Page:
Love Is The Answer!
Some years ago, a kind of poll was conducted in which parents were asked, “If you had it to do all over again, would you have children?” Incredibly, seventy per cent of those who responded answered, “No. If we had it to do all over again we would not have children.” (One has to wonder what motivated that particular group of individuals to answer in a way so far outside of the norm). The editors of a popular religious magazine were deeply disturbed by these numbers. Perhaps the poll was flawed in some way, they reasoned. And so they decided to ask their own readers to respond to the same question. Whereupon, they were deluged with letters from parents who said, “Yes! We would do it all over again.” One letter, from a mother, read as follows:
Our nine-year-old daughter, Christine, is stubborn, incredibly bossy, and an unrelenting know-it-all. She requires ten minutes of super-salesmanship before she’ll brush her teeth or wash her face. She’s on the verge of having her bedroom condemned by the Board of Health. But even if I had a magic crystal ball ten years ago to let me see all this mess, there is absolutely no doubt in my mind that I would have done it all over again. Why? Love is the answer!
I have no doubt every parent here today would echo that feeling: LOVE IS THE ANSWER!
In today's Gospel Lesson, Jesus speaks to His disciples of Perfect Love -- the Perfect Model for our human relationships, the Perfect Family, the Divine Family: Father, Son and Holy Spirit. "Everything the Father has is Mine," Jesus says (Jn. 16:15). And "When the Spirit of Truth comes He will lead you to the complete Truth" (Jn. 16:13). As a Christian community, we have the perfect model for living our lives in the Spirit of Truth, which is the Spirit of Love.
A teacher asked her third-graders to write about their personal heroes. One little girl brought her essay home and showed it to her parents. Her father was flattered to discover that his daughter had chosen [...]
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The Germans have two words for the verb “to know.” One word is “kennen” which means to know with your mind. The other word is “wissen” (pronounce vissen) which means to know at the deepest level of your being. The problem is that many of you know the Good News of the Gospel in a “kennen” kind of way. You know it intellectually. You accept it! “I accept; I believe,” you say. And you wonder (sometimes out loud) why we preachers keep gong on this way about God’s love for us. The answer is — and the problem is — that so few of us know this in a “wissen” kind of way, down at the deepest level of our being. The proof of this is in the way we live. We don’t translate this into our daily lives because we haven’t allowed it to take hold of our full beings. We know but we don’t “understand.”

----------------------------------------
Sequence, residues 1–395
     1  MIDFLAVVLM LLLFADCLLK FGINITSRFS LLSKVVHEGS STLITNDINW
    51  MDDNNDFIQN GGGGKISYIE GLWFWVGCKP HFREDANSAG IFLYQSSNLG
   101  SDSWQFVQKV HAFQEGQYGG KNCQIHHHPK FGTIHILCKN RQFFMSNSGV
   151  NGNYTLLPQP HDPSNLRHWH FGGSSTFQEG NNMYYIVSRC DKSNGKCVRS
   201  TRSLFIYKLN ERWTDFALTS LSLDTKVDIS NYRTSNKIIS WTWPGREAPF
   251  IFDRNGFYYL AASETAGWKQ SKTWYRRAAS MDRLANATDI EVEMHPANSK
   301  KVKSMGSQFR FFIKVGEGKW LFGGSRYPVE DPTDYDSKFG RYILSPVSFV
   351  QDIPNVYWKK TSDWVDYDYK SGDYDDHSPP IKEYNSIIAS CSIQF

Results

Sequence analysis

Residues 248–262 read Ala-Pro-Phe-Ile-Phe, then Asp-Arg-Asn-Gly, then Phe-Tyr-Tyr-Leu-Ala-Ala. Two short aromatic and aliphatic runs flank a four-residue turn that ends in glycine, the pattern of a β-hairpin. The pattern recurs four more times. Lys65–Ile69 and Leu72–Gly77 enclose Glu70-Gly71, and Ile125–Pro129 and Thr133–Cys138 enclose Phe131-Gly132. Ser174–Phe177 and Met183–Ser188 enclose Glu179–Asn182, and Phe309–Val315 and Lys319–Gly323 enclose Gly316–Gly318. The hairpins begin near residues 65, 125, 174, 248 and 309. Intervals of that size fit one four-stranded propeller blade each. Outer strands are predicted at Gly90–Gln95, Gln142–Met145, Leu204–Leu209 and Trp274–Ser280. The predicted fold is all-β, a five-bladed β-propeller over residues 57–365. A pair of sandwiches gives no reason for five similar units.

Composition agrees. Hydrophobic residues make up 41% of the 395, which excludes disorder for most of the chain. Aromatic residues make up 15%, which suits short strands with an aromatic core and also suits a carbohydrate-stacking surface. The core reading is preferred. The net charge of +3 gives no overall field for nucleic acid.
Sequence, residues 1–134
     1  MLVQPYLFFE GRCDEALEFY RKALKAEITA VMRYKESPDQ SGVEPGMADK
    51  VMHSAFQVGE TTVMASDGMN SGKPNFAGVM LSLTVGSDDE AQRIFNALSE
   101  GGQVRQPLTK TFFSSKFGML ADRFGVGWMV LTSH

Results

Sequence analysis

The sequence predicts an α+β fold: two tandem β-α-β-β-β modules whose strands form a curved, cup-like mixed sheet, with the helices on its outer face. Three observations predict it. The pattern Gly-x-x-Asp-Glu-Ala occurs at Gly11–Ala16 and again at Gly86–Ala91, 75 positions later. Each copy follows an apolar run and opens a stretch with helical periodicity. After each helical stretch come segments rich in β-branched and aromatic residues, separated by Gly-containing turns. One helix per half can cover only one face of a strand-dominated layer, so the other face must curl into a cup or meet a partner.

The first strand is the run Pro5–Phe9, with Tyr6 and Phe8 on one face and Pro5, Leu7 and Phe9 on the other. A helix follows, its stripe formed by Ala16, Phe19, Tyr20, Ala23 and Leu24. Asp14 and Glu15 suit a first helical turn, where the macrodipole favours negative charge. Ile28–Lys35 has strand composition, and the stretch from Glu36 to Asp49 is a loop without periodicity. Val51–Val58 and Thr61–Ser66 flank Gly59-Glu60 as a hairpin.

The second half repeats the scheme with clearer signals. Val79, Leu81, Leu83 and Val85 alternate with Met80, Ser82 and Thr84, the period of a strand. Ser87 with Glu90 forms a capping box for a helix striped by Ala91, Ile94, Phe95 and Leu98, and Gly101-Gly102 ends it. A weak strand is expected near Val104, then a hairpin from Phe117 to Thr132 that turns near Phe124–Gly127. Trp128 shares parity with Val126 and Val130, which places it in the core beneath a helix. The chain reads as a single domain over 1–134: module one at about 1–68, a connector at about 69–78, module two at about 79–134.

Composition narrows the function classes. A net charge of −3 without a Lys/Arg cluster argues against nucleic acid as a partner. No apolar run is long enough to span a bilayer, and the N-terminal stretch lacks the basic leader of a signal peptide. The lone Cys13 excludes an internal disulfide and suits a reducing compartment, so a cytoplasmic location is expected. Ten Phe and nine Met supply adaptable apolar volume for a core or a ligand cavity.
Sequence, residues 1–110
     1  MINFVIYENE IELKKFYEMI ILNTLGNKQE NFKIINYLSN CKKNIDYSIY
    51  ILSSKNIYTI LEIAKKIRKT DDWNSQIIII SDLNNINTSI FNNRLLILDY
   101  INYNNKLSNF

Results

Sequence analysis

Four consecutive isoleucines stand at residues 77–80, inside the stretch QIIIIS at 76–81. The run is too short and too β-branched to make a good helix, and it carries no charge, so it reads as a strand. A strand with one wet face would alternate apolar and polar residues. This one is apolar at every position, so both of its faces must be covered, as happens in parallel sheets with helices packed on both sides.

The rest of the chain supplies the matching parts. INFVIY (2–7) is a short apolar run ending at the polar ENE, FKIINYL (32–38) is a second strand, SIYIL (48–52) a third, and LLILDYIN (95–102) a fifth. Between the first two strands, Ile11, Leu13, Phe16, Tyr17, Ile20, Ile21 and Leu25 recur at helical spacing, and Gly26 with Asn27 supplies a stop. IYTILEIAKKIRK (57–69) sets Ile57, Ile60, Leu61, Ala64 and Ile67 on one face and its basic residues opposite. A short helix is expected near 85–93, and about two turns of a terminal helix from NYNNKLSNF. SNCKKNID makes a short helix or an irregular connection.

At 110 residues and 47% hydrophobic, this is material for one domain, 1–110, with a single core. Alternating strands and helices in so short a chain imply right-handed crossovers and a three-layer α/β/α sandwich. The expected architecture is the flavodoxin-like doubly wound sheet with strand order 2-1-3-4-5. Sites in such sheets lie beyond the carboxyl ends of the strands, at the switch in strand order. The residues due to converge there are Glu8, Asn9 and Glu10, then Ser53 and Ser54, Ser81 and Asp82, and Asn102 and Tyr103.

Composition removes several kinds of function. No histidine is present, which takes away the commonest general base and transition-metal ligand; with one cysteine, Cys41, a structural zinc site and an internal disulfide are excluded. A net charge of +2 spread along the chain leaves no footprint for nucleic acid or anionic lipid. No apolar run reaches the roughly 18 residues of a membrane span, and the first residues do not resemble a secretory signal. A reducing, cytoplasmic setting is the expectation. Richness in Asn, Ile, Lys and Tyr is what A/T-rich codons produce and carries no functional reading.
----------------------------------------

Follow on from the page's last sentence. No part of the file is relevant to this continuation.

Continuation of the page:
These lines come from a young Glasgow mother. She calls it, simply, “A Mother’s Prayer.” Oh, God, you know I’m busy each moment of the day; please help me to remember that I still have time to pray. Grant me patience and good humour,contentment with my lot. Help me show by my example what I’d like my children taught. Help me make a happy home, the way a home should be, wherein the trust of all of usremains secure in Thee.
“Consider your own call, brothers and sisters: not many of you were wise by human standards, not many were powerful, not many were of noble birth. But God chose what is foolish in the world to shame the wise; God chose what is weak in the world to shame the strong” (I Corinthians 1:26-27). The late Theodore Geisel, best known as the author of the “Dr. Seuss” children’s books, was once invited to give the commencement address at a college in Illinois. He began his speech on a humble note. “It seems behooven upon me,” he said, “to bring forth great words of wisdom to this graduation class as it leaves these cloistered halls to enter the outside world...my wisdom is in rather short supply, and I have managed to condense everything I know into this epic poem consisting of fourteen lines.” He then proceeded to recite his “epic poem,” entitled, “My Uncle Terwilliger on the Art of Eating Popovers”: My uncle ordered popovers from the restaurant’s bill of fare And, when they were served, he regarded them with a penetrating stare... Then he spoke great words of wisdom as he sat them on the chair: ”To eat these things,” said my uncle, ”You may swallow down what’s solid... But...you must spit out the air!” And, as you partake of the world’s bill of fare, that’s darned good advice to follow Do a lot of spitting out of the hot air, And be careful what you swallow.
A little girl’s pet cat died and her mother, trying to comfort her, said, “But dear, don’t you know that Fluffy is up in Heaven now with God?” The little girl cried all the more and said, “Mommy, what in the world does God want with a dead cat?”More